ALABNY — The COVID-19 numbers over the past month are worse than a year ago, and if that trend continues through the Thanksgiving holiday, a mask and other mandates could come back into play, said County Executive Dan McCoy on Wednesday, Nov. 24.
Last year, in Albany County from Oct. 24 to Nov. 24, there were 1,756 new infections, 113 new hospitalizations and eight deaths due to COVID-19. This year, over the same time frame, there were 2,764 new infections, 136 new hospitalizations and 19 COVID deaths.
Vaccinations were not available to the general public until April, 2021.
“The million dollar question is why are or numbers worse than a year ago when we didn’t have the vaccine,” he said. “We said If you vaccinate you don’t have to wear a mask if everyone in the room was vaccinated. Just walk around. Go into any store. Nobody is wearing a mask. I get it. Nobody wants to wear the mask, nobody wants to read about it anymore. Nobody cares. But there are still people dying and still people getting sick and there are people who have it and don’t realize it and transmit it to someone else.”
Numerous times through his 40-minute briefing where he introduced former NFL player Dion Lewis as the county’s new Community Health Wellness Coordinator, he urged people to get vaccinated and said the unvaccinated are more likely to get sicker, more likely to die and more likely to not take precautions, like wearing masks, and are the reason the virus continues to spread.
“I don’t want to implement stuff that is going down in New York City, with mask mandates and people having to show their vaccination card to go into a restaurant,” McCoy said during his first press briefing in a month. “Go into any corner store and nobody is wearing a mask. Maybe one person.”
He said he would look at the numbers after Thanksgiving and is expecting a spike. How large the spike will dictate whether or not he mandates masks. A decision is expected next week, he said.
“We know the infections rate will increase after Thanksgiving and we are on a pace to crush our numbers last year,” he said. “We can’t stick our heads in the sand. In January of this year we had 89 deaths in Albany County and I’m afraid it will happen again.”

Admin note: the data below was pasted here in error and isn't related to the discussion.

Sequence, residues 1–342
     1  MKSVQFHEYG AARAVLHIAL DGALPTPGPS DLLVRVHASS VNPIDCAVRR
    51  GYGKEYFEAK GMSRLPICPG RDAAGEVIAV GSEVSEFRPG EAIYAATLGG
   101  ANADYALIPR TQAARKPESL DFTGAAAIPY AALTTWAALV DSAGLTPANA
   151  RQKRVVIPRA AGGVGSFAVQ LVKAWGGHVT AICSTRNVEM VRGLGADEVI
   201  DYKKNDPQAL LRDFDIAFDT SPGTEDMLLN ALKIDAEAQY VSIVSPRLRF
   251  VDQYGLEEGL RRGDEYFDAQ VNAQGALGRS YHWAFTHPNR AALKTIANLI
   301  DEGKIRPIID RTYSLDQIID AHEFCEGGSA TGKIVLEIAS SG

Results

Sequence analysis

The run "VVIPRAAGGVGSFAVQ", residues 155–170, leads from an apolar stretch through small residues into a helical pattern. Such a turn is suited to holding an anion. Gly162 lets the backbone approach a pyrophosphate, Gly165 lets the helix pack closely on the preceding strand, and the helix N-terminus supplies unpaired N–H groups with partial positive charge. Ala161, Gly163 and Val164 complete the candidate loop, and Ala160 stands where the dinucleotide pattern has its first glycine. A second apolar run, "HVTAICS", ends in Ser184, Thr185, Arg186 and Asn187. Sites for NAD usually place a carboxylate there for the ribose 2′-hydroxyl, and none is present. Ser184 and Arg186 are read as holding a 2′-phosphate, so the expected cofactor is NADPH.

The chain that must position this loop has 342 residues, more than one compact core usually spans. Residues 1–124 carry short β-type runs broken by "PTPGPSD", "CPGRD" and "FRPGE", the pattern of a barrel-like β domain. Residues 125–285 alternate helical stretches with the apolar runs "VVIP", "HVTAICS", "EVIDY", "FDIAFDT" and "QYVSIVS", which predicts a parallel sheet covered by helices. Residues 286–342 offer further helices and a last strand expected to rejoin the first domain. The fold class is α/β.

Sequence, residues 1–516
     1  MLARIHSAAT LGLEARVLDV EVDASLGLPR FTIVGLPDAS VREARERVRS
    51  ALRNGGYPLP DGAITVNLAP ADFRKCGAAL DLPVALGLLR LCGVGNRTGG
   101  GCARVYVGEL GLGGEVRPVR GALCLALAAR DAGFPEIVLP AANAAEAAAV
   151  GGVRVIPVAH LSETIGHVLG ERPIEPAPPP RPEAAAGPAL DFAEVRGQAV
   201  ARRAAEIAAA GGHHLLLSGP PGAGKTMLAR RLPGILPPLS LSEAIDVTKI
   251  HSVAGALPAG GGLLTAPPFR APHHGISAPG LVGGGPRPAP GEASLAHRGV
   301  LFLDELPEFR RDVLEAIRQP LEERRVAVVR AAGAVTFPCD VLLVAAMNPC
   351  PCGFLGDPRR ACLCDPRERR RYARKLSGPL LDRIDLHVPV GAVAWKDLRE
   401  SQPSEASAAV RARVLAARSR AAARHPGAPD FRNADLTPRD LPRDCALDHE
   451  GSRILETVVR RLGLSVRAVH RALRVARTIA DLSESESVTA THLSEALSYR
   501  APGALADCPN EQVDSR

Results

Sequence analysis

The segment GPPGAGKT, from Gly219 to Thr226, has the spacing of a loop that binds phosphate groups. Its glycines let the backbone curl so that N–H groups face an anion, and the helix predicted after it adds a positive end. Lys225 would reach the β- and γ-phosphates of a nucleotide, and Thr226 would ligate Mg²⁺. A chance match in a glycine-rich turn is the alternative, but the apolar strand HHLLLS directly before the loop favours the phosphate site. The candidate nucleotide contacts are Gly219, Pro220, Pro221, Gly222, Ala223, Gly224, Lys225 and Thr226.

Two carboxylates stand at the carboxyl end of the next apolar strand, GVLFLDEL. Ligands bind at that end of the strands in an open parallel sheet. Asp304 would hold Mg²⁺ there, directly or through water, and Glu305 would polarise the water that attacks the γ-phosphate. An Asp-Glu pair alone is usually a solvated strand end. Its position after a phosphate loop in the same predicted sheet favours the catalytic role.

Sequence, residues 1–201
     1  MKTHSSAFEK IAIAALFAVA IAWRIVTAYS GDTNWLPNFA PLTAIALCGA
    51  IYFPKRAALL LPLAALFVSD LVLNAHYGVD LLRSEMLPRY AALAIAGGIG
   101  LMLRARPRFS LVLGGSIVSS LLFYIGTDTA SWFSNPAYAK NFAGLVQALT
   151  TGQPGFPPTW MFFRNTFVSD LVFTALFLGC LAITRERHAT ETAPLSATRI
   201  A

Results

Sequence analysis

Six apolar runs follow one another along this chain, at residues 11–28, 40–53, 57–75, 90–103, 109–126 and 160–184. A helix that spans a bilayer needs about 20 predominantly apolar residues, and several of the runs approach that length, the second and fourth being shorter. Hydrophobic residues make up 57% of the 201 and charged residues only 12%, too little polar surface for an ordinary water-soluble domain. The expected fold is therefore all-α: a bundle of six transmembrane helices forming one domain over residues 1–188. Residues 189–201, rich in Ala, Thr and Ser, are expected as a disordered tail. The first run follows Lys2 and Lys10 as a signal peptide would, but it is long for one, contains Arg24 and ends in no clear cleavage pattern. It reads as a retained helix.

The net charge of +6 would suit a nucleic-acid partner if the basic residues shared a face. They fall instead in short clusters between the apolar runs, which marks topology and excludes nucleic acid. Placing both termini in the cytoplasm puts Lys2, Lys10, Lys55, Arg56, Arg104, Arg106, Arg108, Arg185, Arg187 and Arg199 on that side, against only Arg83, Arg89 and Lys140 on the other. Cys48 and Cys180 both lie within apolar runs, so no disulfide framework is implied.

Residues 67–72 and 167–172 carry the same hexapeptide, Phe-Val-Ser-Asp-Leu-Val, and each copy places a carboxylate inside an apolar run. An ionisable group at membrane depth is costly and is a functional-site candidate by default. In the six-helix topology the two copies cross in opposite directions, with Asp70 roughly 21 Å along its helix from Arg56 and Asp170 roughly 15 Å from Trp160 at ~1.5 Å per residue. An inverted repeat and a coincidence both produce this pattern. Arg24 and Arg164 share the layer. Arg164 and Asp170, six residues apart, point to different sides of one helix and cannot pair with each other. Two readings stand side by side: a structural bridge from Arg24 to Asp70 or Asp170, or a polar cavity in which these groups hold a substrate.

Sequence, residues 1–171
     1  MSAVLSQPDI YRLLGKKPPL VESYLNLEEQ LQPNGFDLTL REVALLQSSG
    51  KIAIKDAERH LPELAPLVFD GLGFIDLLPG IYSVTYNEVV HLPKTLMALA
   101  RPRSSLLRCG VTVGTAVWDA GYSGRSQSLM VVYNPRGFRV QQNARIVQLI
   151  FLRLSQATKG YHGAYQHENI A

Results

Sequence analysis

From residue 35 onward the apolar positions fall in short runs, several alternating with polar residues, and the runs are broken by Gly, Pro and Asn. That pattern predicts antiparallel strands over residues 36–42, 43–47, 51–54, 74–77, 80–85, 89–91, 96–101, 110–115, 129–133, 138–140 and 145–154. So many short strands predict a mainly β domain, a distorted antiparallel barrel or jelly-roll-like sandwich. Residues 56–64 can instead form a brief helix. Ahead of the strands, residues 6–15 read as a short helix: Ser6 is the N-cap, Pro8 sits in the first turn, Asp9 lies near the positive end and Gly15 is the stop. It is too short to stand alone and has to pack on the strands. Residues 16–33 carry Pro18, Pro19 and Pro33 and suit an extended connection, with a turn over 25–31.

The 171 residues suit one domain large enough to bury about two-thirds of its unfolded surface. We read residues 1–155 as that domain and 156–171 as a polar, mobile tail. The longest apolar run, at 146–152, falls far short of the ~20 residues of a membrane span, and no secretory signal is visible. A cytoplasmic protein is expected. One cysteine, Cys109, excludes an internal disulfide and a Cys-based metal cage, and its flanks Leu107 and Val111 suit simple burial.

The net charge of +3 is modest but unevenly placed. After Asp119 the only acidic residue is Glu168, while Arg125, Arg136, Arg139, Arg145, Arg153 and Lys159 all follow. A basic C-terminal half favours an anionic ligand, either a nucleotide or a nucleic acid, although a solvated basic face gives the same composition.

The press briefing comes at a time when Glens Falls Hospital announced it was past capacity and that this “COVID spike is much worse than any other.”
“Let me be blunt, said Dr. Howard Fritz, chief medical officer at Glens Falls Hospital in a press release posted on the Warren County Facebook page. “If you are not vaccinated, get the vaccine immediately. If you are eligible for the booster, get it. Your life, your loved one’s lives, and those of your friends and neighbors depend on it.”
He said, in the statement issued by Glens Falls Hospital, Hudson Headwaters Health Network and the Irongate Family Practice, there are more than 50 people admitted with COVID and the “vast majority” are not vaccinated.
Dr. Dennis McKenna, president of Albany Medical Center Hospital, said the influx of COVID-19 patients is “under control” but, during an interview on Talk 1300, added most of the patients are not vaccinated and all those in the ICU have no gotten the shot.
The infection rate in Albany County is at 5 percent. McCoy said last year the threshold to opening things back up was 4 percent. He added the way the state looks at data has changed and rather than infection rate, hospitalization rate is the determining factor.
“We would be shut down at 5 percent. Remember. We could not get movie theaters open,” he said. “I am not going to advocate shutting down again. But I will probably mandate masks all over the county again like they did in Erie County. I don’t want to do that. I am pleading with people to do the right thing.”
He said he would rather have a regional approach to any COVID-19 mandates and has been in discussions with Gov. Kathy Hochul. There are eight counties in the Capital District Region with a combined 6.8 percent seven-day infection rate. Albany County’s seven-day infection rate of 5 percent is the lowest. Washington County is the highest with 12.4 and Warren County’s is 8.9 percent. The seven-day average in Rensselaer and Columbia counties is 5.9 percent.
Statewide the seven-day infection rate is 3.8 percent with New York City being the lowest at 1.7 percent and Western New York being the highest with 9.7 percent.
Testing, too, remains an issue, McCoy said. Last year testing was free and the county was doing some 2,000 a day. Now it costs $125 per test, and there are maybe 200 a day and still the numbers are spiking.
“With the number of tests we are doing and the infections we are seeing, I have to believe (the infection rate) is a lot higher now,” he said.
Meanwhile, from Tuesday to Wednesday, a man in his 60s died of COVID brining the county death toll to 240.
There were 41 county residents hospitalized with four in the ICU.
As of Tuesday, 75 percent of all Albany County residents have received at least the first dose of the vaccine, and 67.5 percent have been fully vaccinated. The first dose vaccination rate for the county’s 18 and older population is now up to 84.6 percent.
Lewis, a running back, grew up in the South End of Albany and played 20 years in the NFL. He won a Super Bowl championship with the New England Patriots.
“I’m grateful to be in this position and be able to give back to the community I was raised in,” he said. “I’m from here and if I can do something positive anyone can. I am no one special. I was a little lucky and raised buy great parents in a great city. This is home. No matter where I have been or what I did in life this is home.”